Back in 2014 I started writing a historical novel based in The Potteries (Staffordshire) where I grew up. Stoke on Trent was the hub of the pottery industry from the early eighteenth century and most people don’t know that there was also a big mining industry and steel works that employed thousands of people.
As with most industrial towns there was massive poverty mingled in with huge riches, and that was what interested me: a poor working class girl falling in love with a rich industrialist’s son, who wanted to be a doctor and help the poor – against his mother’s wishes. The plot came to me in a moment of inspiration, but I quickly realised I knew very little about the early Edwardian times and subsequently most of my paragraphs had huge gaps where I needed to add research. Cobbled stones or cinder strewn pathways, clogs or boots? Did the poorer classes even have proper stoves or inside toilets? I knew nothing – but that didn’t stop me rattling along, enjoying Maddie and Daniel’s journey, trying to do them proud by making them interesting, rounded people.
So, I finished my story and started to research the area where I was born: Stoke on Trent. I visited the Hanley museum and the Burslem working pottery and found myself immersed in the history of my ancestors. I even found a plaque with our surname on, which depressed me a bit as I would rather have been the Viking descendent mum always said I was. King Ragnor Brunt of Stoke on Trent doesn’t have quite the right ring to it, does it? Hmm.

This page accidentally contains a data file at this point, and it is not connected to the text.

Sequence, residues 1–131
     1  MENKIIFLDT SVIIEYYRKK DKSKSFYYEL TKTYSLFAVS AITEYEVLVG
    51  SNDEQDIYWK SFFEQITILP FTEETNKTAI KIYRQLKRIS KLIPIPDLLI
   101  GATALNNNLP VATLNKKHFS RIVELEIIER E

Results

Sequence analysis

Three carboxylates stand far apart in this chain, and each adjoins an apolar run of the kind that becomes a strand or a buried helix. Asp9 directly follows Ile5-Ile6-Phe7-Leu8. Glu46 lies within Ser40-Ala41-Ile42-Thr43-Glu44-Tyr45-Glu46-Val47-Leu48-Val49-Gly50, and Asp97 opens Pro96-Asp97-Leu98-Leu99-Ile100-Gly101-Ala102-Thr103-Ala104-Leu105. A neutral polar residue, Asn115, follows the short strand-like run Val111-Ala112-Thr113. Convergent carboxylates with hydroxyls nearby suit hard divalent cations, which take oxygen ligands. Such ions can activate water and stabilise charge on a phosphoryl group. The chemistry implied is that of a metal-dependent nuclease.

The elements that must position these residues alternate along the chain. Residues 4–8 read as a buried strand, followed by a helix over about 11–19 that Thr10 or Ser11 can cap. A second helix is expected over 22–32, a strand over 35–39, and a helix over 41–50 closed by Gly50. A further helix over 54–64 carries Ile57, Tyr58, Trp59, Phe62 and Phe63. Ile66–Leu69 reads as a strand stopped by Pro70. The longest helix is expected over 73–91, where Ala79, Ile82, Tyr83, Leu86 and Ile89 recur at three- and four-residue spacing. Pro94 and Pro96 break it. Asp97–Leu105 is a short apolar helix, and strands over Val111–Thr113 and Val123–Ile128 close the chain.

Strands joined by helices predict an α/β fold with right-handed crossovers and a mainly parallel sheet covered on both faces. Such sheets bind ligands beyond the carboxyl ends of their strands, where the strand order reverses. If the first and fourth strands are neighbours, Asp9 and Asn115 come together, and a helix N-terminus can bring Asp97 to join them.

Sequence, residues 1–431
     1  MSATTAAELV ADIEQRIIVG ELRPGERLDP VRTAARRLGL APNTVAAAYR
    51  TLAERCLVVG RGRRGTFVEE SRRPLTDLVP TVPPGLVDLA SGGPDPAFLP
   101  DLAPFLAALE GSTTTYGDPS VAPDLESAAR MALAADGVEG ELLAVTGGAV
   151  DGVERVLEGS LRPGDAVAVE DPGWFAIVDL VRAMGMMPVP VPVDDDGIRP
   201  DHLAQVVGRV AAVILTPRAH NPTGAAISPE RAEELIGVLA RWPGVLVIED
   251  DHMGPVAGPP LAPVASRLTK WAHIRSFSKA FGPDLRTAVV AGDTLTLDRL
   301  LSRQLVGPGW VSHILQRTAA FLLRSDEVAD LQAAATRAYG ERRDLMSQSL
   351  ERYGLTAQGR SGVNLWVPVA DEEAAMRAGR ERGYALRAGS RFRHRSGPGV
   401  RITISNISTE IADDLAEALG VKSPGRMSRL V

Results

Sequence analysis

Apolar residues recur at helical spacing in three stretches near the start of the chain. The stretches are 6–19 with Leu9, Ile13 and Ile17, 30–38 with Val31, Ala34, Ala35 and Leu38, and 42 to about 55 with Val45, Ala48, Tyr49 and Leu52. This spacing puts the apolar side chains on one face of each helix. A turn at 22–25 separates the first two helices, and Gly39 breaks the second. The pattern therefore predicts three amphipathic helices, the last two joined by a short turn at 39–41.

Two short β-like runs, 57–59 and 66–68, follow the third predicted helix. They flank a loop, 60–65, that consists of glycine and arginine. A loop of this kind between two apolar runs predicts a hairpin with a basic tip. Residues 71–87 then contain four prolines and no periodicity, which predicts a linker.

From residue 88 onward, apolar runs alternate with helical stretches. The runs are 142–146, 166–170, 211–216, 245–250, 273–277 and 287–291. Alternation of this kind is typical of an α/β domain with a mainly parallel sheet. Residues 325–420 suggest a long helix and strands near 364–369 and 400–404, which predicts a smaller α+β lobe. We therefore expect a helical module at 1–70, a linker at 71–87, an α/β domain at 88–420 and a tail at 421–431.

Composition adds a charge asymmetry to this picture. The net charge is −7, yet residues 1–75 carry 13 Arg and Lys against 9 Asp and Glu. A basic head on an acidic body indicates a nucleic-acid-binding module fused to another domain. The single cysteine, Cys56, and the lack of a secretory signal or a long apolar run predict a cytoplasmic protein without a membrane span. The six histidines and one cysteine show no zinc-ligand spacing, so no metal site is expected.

Anyway, I then put the novel, (called Set In Stone) to one side and started another one. (which is normal for me – my hard drive is littered with characters who didn’t come up to muster) I came across the novel again last year, and on a whim started reading it, just to see if my writing had improved since then. Well, do you know, I stayed awake all night, I was so engrossed. I’d forgotten so much of it that it was like reading someone else’s book.
It needed a fair bit of editing but I was so excited that I started kicking it into shape straight away. When I’d finished, Margaret Kaine, who is a fabulous Potteries writer, kindly read it through, as did Sharon Booth whose work I love and the verdict was very positive.
Moving swiftly on, I had an in depth conversation with an agent who was very interested in the novel but wanted it to be more of a saga, which really wasn’t me, and deep down I hoped Choc Lit would love it for the romance I wanted it to be. I was sitting on my hands, itching to send a follow up email when the requisite three months from submission had passed, when finally an email from Choc Lit popped into my inbox.
Hurrah it was good news!
I had a good old chat with the lovely Lyn Vernham from Choc Lit and ta-da, the deal is done. The Potter’s Daughter will be published by Choc Lit next year. I’m looking forward to being welcomed into the lovely Choc Lit gang, many of whom I already know. (I have been stalking Choc Lit for a long time now. My novel, Air Guitar and Caviar was shortlisted in their Search for a Star competition)
I’m already researching the music halls of the era for a follow up novel, but fear there may be quite a few blank spaces! I know nothing – did I already say that? But I will – by the time I’ve finished the next novel, I’ll be a bloody expert, but if anyone wants to help, I’d be very grateful!